Steven Spielberg Predicted Mask Of Zorro Would Be One Of The Last Practical Westerns

When Steven Spielberg talks about the future of the film industry, you would do well to listen. Much like he foresaw a lot of our current day predicaments concerning movie theaters in 2013, Spielberg knew “The Mask of Zorro” was one of the last of its kind during filming. In an interview with Yahoo! Entertainment to mark the film’s 25 year anniversary, Banderas recalled:

“Steven Spielberg said to me once when we were shooting, ‘This is probably going to be one of the last Westerns shot in the way the Westerns were shot in the old days, with real scenes with real horses, where everything is real, [real] sword fighting, no CGI.’ Everything was [practical].”

“And he said, ‘But things are going to change. They’re going to change and they’re gonna change fast. And so you should be proud of this movie,'” Banderas added. “And I am, probably even more now than at the time that I was doing it.” Of course, acclaimed films like the “3:10 to Yuma” and “True Grit” remakes would keep the practical-heavy approach to Westerns alive over the decade that followed, yet they were noticeably lower budgeted affairs than “The Mask of Zorro.” Then came the costly misfires that were “Cowboys & Aliens” and Disney’s “The Lone Ranger,” which tried to remain faithful to the practical tradition while at the same time using CGI to enhance their set pieces and realize their more fantastical elements.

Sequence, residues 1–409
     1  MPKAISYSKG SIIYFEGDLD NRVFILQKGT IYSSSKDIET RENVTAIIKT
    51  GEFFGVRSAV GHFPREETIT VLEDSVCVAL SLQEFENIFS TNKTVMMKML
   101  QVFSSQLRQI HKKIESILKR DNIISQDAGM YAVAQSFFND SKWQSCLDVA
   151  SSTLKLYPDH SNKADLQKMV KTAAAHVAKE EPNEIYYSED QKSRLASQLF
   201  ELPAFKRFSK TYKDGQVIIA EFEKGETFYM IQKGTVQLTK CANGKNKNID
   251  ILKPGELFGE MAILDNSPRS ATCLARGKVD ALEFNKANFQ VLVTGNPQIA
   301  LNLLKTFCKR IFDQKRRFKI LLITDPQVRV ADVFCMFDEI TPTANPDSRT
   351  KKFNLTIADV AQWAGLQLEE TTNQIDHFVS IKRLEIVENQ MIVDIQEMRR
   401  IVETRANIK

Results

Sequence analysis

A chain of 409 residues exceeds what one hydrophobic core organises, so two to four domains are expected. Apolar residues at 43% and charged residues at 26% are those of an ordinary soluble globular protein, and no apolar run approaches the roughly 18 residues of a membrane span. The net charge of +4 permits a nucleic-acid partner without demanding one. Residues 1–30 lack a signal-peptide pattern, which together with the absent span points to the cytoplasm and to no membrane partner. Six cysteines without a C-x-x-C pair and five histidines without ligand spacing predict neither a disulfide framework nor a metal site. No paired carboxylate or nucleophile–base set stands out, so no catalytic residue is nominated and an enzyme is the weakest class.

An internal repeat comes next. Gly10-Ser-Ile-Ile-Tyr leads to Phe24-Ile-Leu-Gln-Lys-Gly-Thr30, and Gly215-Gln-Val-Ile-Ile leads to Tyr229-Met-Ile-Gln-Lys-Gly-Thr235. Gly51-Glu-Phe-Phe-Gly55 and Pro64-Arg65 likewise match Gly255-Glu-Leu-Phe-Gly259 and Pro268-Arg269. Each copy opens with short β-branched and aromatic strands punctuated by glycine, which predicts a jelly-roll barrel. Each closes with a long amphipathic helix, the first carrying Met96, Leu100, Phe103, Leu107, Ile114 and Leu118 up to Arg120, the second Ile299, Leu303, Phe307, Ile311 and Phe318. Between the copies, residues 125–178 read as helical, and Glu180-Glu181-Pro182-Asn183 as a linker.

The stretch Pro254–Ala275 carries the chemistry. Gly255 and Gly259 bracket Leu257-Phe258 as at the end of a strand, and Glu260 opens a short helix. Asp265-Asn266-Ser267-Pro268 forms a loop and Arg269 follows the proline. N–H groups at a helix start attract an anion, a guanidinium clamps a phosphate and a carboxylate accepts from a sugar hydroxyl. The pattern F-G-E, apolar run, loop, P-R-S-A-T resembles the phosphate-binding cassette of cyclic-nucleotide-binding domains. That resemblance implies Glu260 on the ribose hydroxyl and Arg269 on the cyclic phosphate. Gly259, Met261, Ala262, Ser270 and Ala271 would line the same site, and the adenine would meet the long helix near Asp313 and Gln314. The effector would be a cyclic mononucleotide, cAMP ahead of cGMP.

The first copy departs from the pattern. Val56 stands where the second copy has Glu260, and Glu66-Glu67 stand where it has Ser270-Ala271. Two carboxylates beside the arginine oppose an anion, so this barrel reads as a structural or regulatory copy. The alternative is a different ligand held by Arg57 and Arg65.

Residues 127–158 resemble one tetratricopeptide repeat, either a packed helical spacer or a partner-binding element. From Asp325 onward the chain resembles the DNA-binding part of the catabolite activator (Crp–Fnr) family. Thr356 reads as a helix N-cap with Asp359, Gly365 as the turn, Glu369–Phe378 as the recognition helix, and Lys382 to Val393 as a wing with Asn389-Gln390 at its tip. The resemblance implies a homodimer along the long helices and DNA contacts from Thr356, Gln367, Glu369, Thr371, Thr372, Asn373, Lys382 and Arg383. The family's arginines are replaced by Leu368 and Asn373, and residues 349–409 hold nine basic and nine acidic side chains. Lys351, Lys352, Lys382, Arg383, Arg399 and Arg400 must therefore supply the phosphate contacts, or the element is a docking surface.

If anything, the practical Western’s decline makes it all the easier to appreciate “The Mask of Zorro” looking back. “It was a very beautiful adventure movie with a lot of ingredients that made it shine in a very beautiful way. I have nothing but good memories,” said Banderas. So do we.

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